If the nouns contain -ó, it is replaced by -o and the -em is attached
-ś, -ć, -ń, -ź are replaced by -si, -ci, -ni, -zi before the -em
Nouns ending in -g, or -k get an additional -i before the -em

Koń > Koniem
Gość > Gościem
Pociąg > Pociągiem

Neuter Nouns
Nouns ending in -e get an extra -m
nouns ending in -o are replaced by the ending -em
-k, -g get an additional -i

Piwo > Piwem
Dziecko > Dzieckiem

Feminine Nouns
The ending -a is replaced by -ą
-ś, -ć, -ń, -ź are replaced by -si, -ci, -ni, -zi before the -ą

Mama > Mamą
Książka > Książką
Kość > Kością

Miejscownik / Locative

Masculine Nouns
There are two groups for this case (these nouns get softening as well like feminine nouns in the Dative case), one group takes -(i)e and the others take -u

  • -ie after: b, f, m, n, p, s, w, z, d, t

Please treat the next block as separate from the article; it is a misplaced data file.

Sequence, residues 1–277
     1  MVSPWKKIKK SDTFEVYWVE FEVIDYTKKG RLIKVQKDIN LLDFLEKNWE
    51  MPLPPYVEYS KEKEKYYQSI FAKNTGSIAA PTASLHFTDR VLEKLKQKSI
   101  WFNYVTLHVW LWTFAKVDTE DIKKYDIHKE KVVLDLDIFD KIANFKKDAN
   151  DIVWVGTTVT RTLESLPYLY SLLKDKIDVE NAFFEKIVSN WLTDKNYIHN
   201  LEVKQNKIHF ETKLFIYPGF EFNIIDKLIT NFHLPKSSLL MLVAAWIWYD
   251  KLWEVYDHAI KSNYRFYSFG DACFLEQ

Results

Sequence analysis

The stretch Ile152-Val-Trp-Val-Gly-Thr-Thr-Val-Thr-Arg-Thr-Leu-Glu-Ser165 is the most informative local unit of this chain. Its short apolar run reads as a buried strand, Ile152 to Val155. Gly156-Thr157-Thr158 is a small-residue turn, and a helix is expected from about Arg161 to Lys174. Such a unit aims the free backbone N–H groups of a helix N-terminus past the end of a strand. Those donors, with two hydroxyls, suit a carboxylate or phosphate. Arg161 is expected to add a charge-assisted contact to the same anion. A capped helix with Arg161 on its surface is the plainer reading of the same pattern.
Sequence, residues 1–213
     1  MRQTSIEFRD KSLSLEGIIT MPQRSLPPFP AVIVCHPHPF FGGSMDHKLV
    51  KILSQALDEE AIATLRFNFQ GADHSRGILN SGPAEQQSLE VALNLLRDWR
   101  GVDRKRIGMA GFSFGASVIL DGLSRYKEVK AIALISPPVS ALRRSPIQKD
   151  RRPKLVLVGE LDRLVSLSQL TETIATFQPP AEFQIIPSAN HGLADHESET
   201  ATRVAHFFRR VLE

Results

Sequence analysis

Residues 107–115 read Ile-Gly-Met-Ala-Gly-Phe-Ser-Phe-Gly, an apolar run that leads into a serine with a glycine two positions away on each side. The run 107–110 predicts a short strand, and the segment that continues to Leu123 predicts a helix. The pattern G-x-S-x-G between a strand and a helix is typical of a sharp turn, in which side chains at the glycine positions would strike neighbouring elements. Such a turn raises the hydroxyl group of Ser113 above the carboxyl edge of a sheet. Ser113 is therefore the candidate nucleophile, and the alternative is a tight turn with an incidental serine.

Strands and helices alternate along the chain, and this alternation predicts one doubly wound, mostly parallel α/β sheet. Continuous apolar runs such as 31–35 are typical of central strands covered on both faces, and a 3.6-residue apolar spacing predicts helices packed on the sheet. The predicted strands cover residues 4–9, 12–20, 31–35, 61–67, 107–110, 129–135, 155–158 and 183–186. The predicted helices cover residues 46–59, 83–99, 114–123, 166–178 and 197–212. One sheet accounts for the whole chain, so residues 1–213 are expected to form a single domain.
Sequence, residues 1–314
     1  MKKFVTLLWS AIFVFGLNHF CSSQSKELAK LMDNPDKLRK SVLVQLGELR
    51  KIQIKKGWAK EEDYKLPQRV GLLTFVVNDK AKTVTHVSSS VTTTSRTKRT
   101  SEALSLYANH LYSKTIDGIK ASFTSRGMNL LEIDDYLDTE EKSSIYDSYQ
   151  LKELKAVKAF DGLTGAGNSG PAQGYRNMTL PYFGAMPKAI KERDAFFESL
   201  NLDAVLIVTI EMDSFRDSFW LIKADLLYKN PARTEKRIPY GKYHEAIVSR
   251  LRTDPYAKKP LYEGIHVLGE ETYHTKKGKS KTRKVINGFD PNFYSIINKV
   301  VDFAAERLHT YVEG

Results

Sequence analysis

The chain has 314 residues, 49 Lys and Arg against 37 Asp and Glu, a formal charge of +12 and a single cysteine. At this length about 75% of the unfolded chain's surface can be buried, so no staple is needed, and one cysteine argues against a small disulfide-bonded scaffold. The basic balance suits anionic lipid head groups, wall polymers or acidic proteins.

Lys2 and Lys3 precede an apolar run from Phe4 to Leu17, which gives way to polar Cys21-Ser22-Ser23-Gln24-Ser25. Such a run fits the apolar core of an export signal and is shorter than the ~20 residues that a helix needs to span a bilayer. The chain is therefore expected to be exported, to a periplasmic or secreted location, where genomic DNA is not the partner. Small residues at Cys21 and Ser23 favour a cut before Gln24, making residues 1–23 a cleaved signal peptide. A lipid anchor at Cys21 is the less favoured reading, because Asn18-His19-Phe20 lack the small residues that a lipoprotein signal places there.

• -e after: r, ł

Chleb > Chlebie
Instytut > Instytucie
Stół > Stole

Nouns ending in one of the following get -u:

  • k, g, c, j, l, ch, dz, sz, rz, cz, ż, dź, dż, ć, ś, ń, ź

Dach > Dachu
Lekarz > Lekarzu
Ptak > Ptaku

Neuter Nouns
Nouns ending in -o get the ending -e
Nouns ending in -e, -cho, -go, -ko get the ending -u

Kino > Kinie
Mieszkanie > Mieszkaniu
Morze > Morzu

Feminine Nouns
These nouns are mostly the same as the feminine nouns in the dative case.
Although some nouns take -i after: l, k, ś, ć, ź, dź, ń
and some take -y after: cz, rz, ż, sz, dz

Lekcja > Lekcji
Twarz > Twarzy

Wołacz / Vocative

Masculine Nouns
The same rules as the Masculine Locative nouns applies to these too.
Exceptions: nouns ending in -iec get the ending -cze

Ojciec > Ojcze
Chłopiec > Chłopcze

Neuter Nouns
These nouns take no ending and stay the same as in the Nominative.

Feminine Nouns
Replace -a with the ending -o
Some Female nouns in the diminutive or pet names get the ending -u

Koleżanka > Koleżanko
Mama > Mamo
Tata > Tato
Ciocia > Ciociu
Babcia > Baciu